It has a straightforward decoking: Unlike compound crossbows, recurve crossbows have a decoking mechanism. This means that there is no need to end the hunt by firing an arrow into the target. With a recurve crossbow, all you need is to remove the arrow and reset the bow.

Easier and cheaper to sustain: Because of fewer moving parts, a recurve crossbow is easier to maintain. Moreover, it doesn’t require you to hire a pro to service the bow when you want to replace a string. All you need to replace a string is to use a de-stringing aid that comes with the crossbow.

Lightweight: Despite their big size, they are lightweight, which means they are easy to carry around. So, if you are planning to hunt on foot, you definitely need to consider the weight of the crossbow.

Cons

Big draw length: In terms of size, compound crossbows seem to have a slight advantage. Recurve crossbows are larger, so if you were to climb a tree and sitting on a branch, it would be more difficult to fire shots with a recurve crossbow. Besides this, recurve crossbows apply more strain to the bowstring. So, if you are using less durable strings, you will need to replace them more often.

Who makes the lightest crossbow?

It is difficult to find a lightweight crossbow with fairly impressive speed. But X16 Crosby by GearHead Archery is one of those crossbows. At 4.25lbs, this crossbow is surely the lightest one on the market. Thanks to the engineering genius of GearHead Archery. What is even more impressive is that it has a firing speed of 340 fps. Unfortunately, the crossbow doesn’t come cheap, but if you are serious on weight, then it is worth every buck. If GearHead Archery continues on the same lane, then it looks like future crossbows will be lighter than what we have today.

What crossbow has the highest FPS (feet per second)?

Well, if you are like most people, you are most likely to get thrilled with the idea of working with a powerful crossbow. At the very least, you need to invest in a crossbow that won’t let you down on your most crucial games. If you are just looking for the fastest crossbow, then the Scorpyd Aculeus (460 fps) is your ideal choice. At 460 fps, you will hardly find any other crossbow that can stand side by side with this crossbow in terms of speed. It is even clear from its aggressive looks that this equipment is designed for serious hunters. While it may not be as lightweight (7.5 lbs) as some recurve crossbows, there are many other crossbows that are heavier than this model, yet they don’t offer anything near to Scorpyd Aculeus.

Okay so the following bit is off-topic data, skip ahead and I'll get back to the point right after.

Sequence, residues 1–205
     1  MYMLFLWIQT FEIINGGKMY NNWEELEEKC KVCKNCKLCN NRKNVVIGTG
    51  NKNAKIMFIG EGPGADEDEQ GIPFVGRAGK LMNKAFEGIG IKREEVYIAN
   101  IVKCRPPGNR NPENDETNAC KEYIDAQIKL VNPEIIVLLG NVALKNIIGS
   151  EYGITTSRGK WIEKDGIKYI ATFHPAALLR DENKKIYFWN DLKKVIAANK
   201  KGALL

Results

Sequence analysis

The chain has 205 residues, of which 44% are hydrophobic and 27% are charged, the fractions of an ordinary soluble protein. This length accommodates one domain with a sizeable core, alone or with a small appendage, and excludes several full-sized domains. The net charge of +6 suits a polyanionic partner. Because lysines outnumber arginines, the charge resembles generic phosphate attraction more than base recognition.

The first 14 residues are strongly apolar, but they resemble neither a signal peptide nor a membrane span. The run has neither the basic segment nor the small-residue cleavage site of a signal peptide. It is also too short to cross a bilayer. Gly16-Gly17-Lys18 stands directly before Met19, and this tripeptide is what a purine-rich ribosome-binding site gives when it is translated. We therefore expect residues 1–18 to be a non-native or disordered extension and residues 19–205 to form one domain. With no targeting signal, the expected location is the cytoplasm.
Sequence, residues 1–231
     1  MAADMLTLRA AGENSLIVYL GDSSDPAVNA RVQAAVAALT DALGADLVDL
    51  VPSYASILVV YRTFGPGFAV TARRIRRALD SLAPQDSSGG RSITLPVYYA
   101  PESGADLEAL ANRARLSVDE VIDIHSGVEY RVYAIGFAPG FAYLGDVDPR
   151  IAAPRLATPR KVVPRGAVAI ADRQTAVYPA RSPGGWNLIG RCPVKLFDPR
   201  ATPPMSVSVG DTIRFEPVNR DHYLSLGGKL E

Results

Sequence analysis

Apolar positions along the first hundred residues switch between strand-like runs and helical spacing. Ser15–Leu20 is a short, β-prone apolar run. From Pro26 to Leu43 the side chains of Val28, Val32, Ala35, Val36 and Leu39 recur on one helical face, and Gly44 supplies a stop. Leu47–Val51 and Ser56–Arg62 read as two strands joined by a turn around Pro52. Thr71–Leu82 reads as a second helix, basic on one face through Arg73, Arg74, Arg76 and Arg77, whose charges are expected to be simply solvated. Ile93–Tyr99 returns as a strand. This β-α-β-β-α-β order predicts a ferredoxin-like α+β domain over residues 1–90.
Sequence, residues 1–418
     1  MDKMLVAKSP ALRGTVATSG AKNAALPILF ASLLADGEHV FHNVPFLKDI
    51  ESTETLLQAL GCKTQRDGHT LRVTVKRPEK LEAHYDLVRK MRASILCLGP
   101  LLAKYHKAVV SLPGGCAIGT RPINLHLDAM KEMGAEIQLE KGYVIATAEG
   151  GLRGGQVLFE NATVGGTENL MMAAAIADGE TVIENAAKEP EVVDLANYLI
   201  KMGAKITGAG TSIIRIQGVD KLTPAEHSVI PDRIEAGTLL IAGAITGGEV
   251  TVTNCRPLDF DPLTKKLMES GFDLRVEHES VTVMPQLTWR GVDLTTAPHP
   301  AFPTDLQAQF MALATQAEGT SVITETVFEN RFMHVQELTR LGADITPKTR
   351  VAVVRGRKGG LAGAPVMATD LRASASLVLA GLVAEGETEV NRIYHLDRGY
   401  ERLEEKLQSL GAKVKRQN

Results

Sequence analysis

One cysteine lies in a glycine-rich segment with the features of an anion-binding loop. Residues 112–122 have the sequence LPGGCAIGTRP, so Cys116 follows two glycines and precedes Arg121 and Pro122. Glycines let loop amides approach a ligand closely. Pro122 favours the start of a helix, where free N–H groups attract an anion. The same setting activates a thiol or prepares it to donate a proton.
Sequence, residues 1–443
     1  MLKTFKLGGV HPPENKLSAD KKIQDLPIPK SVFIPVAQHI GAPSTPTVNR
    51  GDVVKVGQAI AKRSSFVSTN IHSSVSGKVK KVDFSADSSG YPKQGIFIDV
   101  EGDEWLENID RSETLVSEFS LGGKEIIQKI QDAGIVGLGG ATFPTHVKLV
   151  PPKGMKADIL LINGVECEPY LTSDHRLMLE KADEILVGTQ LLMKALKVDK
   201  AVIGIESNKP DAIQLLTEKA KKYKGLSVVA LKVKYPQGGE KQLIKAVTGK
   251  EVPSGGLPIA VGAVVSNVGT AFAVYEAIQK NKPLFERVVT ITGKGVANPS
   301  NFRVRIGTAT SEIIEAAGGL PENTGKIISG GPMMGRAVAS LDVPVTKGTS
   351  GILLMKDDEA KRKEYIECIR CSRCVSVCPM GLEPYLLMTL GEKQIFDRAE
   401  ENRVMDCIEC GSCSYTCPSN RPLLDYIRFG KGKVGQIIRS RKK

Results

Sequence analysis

While Scorpyd Aculeus comes with several functional features, there are some that are worth mentioning. Its AcuDraw cocking mechanism can reduce unnecessary draw weight by half, so it is easy to manipulate this crossbar. The draw weight for Scorpyd Aculeus is 180lbs making it a good option for a majority of hunting situations.

But if you want the fastest crossbows among the recurve category, then you will find Excalibur Matrix Mega 405 extremely powerful. It is an absolute powerhouse among Excalibur models. At 405 fps and a 350-grain downrange, it means you will have a pass most of the time. But, you need to have enough energy to cock this bad boy every time you are sporting.

What is the best recurve crossbow? (Balance of lightweight, accuracy, and ease of use)

Modern crossbows have been modified to help users improve their hunting adventure. Some advanced recurve crossbows come at a price, but you will worry less about accuracy and ease of use. Many crossbow archers have found that the most reliable and user-friendly recurve crossbow on the market is Excalibur Matrix 380 Xtra. Weighing only 5.9 lbs, Matrix 380 Xtra is suited for any hunting game. Its flexibility makes it a deadly crossbow. Generally, the package has high-quality accessories. Probably, what you will like most about this recurve crossbow is that it is quiet, accurate, and compact with a high-quality safety system. With almost zero flaws, you will rarely find another recurve crossbow on the market that beats Matrix 380 Xtra.

Peter Sontrop

I live in Alberta, Canada where I enjoy field archery and target shooting with traditional bows and compound bows. On this site, I share everything I’ve learned about archery along the way.

Recent Content